Mentorship in academic radiology: why it matters

Authors: Miriam A. Bredella, David Fessell & James H. Thrall

Mentorship plays a critical role in the success of academic radiologists. Faculty members with mentors have better career opportunities, publish more papers, receive more research grants, and have greater overall career satisfaction. However, with the increasing focus on clinical productivity, pressure on turn-around times, and the difficult funding climate, effective mentoring in academic radiology can be challenging. The high prevalence of “burnout” among radiologists makes mentorship even more important. This article reviews benefits and challenges of mentorship in academic radiology, discusses how to institute a faculty mentoring program, examines different types of mentoring, and reviews challenges related to diversity and inclusion.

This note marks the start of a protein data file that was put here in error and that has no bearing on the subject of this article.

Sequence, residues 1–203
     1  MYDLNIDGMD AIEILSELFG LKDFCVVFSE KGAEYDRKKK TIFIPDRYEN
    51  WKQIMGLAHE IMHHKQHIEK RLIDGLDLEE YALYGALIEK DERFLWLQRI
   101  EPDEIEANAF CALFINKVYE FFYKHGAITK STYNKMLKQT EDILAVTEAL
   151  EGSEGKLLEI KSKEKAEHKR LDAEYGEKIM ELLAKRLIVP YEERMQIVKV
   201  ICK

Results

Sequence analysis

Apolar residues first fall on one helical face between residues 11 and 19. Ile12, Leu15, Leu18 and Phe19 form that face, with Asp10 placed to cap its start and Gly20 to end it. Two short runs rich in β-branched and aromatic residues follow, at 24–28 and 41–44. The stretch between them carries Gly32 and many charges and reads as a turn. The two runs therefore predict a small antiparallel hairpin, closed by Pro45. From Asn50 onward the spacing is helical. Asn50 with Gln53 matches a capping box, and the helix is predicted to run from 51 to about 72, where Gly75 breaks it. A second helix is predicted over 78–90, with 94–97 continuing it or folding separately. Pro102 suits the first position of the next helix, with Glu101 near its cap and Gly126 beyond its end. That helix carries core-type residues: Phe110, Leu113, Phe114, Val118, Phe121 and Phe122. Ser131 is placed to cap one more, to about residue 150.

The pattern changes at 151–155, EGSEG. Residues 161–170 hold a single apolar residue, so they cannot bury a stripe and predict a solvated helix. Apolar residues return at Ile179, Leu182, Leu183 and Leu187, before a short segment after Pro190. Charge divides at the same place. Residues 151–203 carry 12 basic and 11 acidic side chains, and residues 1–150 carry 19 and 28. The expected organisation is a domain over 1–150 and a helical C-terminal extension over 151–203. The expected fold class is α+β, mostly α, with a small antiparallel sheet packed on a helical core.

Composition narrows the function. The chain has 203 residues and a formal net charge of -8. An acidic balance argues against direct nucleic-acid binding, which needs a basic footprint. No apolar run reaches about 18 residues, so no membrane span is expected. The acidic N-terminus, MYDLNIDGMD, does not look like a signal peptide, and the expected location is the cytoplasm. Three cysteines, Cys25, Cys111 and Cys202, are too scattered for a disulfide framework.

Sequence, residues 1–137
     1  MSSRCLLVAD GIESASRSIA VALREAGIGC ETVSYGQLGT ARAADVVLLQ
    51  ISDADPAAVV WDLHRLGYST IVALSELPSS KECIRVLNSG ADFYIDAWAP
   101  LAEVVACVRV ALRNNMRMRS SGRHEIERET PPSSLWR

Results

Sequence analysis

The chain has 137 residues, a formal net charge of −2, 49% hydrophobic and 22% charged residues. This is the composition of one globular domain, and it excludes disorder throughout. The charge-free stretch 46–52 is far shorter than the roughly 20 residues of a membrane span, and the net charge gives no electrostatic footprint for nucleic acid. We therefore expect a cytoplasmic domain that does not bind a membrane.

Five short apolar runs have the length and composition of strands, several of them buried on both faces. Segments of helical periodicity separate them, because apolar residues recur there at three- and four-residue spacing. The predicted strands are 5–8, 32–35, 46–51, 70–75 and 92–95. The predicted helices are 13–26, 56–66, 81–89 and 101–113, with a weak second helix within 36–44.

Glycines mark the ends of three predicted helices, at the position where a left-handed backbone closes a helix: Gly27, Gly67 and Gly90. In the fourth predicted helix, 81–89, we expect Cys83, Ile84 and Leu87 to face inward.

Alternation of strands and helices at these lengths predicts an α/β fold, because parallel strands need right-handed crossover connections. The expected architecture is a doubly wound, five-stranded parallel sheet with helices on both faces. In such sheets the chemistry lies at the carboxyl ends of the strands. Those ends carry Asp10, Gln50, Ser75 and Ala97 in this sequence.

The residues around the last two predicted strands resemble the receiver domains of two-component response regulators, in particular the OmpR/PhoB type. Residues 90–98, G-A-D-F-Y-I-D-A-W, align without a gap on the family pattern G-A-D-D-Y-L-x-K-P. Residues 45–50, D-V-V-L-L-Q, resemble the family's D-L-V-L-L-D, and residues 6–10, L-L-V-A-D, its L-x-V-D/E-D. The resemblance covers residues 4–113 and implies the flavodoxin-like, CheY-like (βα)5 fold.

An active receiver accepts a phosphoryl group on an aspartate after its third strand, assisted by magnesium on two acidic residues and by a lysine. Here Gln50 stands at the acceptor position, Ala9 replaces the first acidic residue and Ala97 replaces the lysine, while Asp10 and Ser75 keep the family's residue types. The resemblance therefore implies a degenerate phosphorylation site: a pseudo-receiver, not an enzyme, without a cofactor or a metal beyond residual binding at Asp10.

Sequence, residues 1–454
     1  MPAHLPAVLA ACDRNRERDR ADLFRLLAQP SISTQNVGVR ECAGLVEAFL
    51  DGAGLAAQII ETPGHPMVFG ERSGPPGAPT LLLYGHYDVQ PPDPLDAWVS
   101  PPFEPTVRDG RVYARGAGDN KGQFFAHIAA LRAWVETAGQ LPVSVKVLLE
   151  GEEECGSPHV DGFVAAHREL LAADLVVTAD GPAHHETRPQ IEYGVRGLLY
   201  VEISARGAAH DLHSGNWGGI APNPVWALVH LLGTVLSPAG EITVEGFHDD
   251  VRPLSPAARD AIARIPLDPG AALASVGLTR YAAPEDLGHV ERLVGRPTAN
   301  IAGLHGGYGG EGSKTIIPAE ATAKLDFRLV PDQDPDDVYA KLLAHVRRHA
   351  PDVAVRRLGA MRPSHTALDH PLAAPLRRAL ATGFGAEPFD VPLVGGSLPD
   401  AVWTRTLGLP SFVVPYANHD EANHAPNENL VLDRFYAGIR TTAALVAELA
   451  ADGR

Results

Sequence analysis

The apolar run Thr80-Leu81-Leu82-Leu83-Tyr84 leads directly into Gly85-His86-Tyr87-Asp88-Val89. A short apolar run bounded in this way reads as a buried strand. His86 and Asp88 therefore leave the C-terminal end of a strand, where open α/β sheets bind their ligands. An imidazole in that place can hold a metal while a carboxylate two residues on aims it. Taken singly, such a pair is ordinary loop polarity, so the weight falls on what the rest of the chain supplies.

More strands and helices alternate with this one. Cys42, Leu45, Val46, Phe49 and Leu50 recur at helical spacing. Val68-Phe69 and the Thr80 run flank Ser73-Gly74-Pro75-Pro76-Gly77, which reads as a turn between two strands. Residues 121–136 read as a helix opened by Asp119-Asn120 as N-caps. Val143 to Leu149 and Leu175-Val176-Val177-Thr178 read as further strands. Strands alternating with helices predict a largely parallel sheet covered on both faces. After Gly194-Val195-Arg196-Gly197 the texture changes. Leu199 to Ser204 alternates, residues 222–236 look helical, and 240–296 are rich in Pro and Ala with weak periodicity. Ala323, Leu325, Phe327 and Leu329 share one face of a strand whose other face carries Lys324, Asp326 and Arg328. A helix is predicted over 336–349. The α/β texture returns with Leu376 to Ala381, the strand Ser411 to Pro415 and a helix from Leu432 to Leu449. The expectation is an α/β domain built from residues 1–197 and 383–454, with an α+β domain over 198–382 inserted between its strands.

Key points
Mentorship plays a critical role in the success of academic radiologists

Mounting pressures on academic radiologists in a changing healthcare environment can lead to physician burnout

Mentoring is an effective means to achieve career satisfaction and help prevent burnout

Establishing a mentoring program in academic radiology requires the identification and training of effective mentors, and mentees benefit from multiple mentors for different needs

Women and underrepresented minorities in medicine often do not have access to mentors but benefit most from a mentoring relationship